But this isn’t the way things have to be. In the wake of Hurricane Irma, the Miami-Dade Board of County Commissioners passed an ordinance prohibiting employers from retaliating against employees who comply with evacuation orders during a state of emergency, and some employers are taking the initiative to put “climate leave” policies in writing. However, the number of communities and companies with such policies is small, and likely will remain so until working people are able to band together to demand protection from the increasing threat of hurricanes, wildfires, and other disasters. And while federal programs already exist that provide assistance to people put out of work due to disasters, they need to be strengthened and expanded at the state and local level.

As our climate changes, we can expect stronger hurricanes, wildfires, and other natural disasters. Recent hurricanes like Harvey, Irma, Maria, and now Florence have impacted millions of people, disrupting lives, destroying communities, and killing thousands. The struggles that individuals face before, during, and after a major event like Irma or Florence are already great enough without adding the stress of losing your job or wondering when you’ll get your next paycheck.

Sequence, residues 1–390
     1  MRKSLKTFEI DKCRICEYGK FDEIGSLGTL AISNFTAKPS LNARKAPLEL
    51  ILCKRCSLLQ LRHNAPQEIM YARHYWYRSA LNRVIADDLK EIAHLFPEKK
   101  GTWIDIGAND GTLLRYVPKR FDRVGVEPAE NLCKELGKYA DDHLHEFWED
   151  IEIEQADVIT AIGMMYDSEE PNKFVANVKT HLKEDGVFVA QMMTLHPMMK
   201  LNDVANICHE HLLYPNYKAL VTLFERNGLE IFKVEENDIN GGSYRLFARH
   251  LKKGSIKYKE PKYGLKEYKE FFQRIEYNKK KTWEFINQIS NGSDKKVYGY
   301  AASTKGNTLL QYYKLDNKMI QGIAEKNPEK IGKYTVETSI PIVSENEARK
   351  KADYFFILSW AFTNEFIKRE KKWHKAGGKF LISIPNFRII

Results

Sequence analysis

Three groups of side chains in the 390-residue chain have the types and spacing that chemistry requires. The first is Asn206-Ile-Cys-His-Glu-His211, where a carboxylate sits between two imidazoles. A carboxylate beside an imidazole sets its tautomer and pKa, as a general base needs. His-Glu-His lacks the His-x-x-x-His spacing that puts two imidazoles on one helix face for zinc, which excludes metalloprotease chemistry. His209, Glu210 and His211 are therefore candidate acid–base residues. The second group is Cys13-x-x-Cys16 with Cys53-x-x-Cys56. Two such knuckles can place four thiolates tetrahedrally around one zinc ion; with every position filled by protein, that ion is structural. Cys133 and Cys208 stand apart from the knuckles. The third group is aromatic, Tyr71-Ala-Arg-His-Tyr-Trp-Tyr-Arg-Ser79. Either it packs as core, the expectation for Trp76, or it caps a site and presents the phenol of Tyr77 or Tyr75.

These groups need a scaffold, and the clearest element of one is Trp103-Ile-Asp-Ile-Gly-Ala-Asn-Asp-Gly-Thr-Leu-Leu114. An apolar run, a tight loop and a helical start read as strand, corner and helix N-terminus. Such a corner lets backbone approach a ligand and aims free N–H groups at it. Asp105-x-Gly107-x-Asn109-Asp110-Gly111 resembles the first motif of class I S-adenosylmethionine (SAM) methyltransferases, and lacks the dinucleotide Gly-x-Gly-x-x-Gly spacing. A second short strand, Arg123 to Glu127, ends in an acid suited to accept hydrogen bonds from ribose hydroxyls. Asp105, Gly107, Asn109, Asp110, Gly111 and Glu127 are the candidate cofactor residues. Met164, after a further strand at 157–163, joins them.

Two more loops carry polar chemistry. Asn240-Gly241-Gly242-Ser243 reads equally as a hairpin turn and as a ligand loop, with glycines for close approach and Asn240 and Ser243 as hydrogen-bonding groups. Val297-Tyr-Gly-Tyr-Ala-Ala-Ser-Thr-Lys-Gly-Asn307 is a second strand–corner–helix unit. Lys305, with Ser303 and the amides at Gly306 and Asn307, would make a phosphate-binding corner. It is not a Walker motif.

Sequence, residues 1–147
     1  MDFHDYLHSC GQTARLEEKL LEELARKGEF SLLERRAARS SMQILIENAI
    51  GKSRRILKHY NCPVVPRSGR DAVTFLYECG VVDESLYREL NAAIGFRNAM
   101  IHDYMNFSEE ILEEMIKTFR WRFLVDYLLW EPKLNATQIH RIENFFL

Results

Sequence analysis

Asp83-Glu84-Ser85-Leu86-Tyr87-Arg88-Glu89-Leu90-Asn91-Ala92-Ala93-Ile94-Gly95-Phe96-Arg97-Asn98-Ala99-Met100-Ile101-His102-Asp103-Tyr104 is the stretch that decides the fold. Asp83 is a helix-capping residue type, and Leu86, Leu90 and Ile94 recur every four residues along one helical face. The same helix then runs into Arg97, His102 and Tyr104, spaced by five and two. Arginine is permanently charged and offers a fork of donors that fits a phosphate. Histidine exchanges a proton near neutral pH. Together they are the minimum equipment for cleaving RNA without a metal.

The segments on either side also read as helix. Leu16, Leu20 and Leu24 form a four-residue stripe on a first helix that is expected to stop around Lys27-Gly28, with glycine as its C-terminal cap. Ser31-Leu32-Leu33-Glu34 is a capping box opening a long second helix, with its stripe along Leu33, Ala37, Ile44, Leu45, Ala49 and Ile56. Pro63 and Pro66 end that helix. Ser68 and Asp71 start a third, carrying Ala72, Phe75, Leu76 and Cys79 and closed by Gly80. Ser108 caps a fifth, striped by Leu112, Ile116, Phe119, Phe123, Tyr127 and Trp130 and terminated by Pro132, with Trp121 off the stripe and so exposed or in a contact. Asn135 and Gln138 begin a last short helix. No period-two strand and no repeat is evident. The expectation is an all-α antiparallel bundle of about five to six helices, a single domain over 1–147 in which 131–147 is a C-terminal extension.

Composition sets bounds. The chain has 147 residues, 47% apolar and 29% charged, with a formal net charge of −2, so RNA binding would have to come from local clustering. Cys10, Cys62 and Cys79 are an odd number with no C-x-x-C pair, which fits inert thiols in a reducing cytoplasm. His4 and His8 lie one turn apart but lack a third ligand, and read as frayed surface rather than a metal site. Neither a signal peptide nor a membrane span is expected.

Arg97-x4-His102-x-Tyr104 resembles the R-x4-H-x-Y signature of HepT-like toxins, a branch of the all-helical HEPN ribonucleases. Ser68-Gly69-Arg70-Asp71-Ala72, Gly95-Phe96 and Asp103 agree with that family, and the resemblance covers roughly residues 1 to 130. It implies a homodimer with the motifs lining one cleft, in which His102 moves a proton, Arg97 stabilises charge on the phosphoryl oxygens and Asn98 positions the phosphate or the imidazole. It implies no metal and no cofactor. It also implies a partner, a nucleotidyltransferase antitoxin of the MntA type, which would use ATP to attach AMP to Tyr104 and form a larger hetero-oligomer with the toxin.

Now is the time to write new rules to ensure working people can protect themselves and their livelihoods before, during and after big disasters. We know that the climate crisis is already hurting poor people more severely than the wealthy. There’s no need to exacerbate this inequality and force people to lose a paycheck or their job due to our man-made climate crisis.

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Reposted from Jobs with Justice

Posted In: Allied Approaches

Union Matters

Federal Minimum Wage Reaches Disappointing Milestone

By Kathleen Mackey
USW Intern

A disgraceful milestone occurred last Sunday, June 16.

That date officially marked the longest period that the United States has gone without increasing federal the minimum wage.